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Story from My Mother V
Last night after dinner I managed to coax more stories from my mother. “Kelmarin masa Kholid ambil saya dari KLIA, dia kata Husin beritahu ada nampak harimau baring kat tangga depan” I said.
“Bila Husin cakap tu? Agaknya dia beritahu pada Kholid satu masa dulu sebelum dia pindah, masa dia tinggal kat sebelah tu” said mother.
For your information, this is not real tiger, but tiger that we thought real, but would disappear in a flash if we say Shahadah, or Astaghfirullah hal Azim. Tiger of our imagination.
My mother said that Husin also told her that he saw a tiger lying down at the road entrance to the house, and she told Husin that it’s just a cat that he had seen, sort of dismissing the story.
I sort of know about this “pagar rumah” since I was a small kid. My first hair raising experience was when I was 7 or 8 years old. Some nights, and not that often, my father would go out to one of neighbour’s place for tahlil or yasin after Isha. This would normally take about 3 hours. Me and my older brother and sister would stay awake, waiting for the leftover nasi ambang that my father would bring home after tahlil. Sometimes we would hear walking at the front yard, or the wooden bridge that the front would rattle as if someone passing in the bike, or someone smack a mosquito on the thigh, “plak”. We knew it wasn’t my father, because he wasn’t due back yet.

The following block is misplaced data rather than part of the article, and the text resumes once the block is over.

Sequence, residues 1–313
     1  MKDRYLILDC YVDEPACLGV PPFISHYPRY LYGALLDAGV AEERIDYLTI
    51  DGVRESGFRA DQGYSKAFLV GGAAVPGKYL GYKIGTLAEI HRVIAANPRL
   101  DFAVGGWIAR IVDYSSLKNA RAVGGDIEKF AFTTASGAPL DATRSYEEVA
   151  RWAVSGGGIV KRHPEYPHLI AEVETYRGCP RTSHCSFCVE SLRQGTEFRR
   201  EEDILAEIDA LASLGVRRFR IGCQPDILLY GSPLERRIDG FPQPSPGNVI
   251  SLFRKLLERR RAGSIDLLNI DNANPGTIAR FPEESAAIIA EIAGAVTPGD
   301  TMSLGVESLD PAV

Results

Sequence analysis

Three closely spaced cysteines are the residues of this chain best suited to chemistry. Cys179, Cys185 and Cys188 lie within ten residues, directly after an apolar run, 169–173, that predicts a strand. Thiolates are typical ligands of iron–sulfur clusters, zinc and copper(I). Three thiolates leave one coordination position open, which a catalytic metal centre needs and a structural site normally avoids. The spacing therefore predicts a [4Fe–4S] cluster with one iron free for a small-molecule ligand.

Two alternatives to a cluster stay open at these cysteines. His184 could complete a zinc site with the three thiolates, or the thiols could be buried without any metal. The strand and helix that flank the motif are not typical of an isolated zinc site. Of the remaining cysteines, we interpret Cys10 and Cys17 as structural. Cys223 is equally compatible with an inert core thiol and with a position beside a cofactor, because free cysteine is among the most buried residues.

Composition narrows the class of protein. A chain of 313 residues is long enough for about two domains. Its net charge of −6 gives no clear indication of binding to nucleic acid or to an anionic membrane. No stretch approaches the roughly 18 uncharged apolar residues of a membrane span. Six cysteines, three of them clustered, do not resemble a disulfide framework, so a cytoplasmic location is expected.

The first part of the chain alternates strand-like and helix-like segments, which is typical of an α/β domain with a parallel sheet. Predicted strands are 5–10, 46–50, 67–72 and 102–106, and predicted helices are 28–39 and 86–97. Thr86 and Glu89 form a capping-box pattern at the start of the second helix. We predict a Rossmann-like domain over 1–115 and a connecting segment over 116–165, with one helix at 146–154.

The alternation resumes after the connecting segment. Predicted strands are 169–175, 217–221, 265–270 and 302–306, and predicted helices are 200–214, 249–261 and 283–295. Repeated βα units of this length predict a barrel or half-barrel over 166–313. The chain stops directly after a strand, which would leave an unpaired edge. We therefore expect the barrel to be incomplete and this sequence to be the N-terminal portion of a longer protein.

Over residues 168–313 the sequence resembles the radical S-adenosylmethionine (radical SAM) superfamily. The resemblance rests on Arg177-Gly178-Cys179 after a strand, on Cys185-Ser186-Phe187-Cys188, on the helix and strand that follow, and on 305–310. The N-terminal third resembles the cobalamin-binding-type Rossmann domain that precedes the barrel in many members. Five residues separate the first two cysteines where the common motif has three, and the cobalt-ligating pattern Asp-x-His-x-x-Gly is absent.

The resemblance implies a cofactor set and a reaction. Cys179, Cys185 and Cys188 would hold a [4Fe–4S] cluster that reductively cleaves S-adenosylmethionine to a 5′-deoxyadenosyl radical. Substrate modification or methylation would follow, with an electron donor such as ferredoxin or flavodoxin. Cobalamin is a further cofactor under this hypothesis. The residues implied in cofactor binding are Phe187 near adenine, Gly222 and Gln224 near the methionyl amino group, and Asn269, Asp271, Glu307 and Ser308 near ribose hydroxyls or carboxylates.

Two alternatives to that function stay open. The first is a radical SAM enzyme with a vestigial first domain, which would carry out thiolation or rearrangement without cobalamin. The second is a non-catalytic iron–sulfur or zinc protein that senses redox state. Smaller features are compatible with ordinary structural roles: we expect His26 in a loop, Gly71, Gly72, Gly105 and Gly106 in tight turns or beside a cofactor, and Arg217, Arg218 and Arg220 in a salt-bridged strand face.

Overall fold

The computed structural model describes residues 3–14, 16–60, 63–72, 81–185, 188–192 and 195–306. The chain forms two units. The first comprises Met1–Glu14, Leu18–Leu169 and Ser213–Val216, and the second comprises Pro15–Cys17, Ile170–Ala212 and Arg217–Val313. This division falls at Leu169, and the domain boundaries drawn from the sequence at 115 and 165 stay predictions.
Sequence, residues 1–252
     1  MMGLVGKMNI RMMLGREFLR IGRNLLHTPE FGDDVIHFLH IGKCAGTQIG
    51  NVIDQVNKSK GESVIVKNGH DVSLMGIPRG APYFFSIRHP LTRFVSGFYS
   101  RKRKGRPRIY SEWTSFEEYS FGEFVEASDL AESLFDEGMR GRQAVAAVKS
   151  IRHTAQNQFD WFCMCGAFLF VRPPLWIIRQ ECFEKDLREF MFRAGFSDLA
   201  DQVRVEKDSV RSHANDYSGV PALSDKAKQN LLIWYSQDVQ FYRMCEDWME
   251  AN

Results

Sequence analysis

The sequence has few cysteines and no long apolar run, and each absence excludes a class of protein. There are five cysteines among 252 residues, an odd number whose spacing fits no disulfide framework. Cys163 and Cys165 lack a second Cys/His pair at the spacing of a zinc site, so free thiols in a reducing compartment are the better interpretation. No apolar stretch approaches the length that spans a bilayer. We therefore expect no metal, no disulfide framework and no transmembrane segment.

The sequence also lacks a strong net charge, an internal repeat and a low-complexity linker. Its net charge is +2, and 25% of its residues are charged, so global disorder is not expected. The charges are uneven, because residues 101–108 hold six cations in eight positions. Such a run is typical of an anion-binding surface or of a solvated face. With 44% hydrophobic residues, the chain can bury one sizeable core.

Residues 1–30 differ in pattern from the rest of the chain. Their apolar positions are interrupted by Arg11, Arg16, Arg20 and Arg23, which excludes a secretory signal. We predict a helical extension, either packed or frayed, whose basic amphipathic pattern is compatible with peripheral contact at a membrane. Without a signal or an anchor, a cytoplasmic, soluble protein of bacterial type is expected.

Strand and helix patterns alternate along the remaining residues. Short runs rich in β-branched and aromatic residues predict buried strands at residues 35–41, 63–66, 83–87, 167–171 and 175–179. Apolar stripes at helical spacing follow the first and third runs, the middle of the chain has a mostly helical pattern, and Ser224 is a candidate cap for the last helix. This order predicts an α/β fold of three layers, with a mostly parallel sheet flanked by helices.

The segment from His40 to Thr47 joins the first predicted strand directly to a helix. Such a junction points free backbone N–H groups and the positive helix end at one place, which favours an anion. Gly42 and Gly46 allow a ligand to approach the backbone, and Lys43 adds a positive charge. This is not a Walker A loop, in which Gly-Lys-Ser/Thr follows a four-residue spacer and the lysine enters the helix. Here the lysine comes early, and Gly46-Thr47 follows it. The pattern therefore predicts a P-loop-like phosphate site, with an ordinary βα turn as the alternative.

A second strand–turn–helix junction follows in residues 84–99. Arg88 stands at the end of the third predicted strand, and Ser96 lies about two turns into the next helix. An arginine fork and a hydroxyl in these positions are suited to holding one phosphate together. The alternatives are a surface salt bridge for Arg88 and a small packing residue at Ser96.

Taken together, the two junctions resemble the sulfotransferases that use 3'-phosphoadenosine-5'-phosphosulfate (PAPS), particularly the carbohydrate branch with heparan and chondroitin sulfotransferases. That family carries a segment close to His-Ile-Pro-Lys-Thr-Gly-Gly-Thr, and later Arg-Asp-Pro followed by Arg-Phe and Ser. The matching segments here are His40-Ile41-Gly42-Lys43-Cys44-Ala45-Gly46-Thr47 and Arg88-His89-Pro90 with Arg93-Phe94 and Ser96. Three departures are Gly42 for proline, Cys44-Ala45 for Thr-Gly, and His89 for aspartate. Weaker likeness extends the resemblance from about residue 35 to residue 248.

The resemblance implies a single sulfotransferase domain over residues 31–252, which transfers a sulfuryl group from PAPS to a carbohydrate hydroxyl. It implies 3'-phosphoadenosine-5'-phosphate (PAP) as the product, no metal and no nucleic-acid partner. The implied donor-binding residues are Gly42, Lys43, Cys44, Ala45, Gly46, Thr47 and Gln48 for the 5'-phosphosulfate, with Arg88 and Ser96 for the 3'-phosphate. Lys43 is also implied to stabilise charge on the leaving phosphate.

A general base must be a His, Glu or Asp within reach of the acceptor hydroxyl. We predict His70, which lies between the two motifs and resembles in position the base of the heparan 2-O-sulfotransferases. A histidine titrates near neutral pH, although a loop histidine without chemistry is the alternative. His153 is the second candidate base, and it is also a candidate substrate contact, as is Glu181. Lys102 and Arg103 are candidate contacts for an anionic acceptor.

After Form 5, in 81, (I went to KL for 4th and 5th form) during a long holiday, I had a habit of going out at night with friends, and back late at night. One night I didn’t go out, but being restless, I went out of the house and walked about on the road and sit at the bridge. When I looked back at the house, I saw burning red ember under the house, (for stilt house, the floor is normally raised 5-6 feet from the ground). It was there for a few minutes, and then it was gone. I sat there mesmerized, and then I walked back to the house and told my father, I thought it could be a thief or someone. My father acknowledge it, he doesn’t seem worried at all.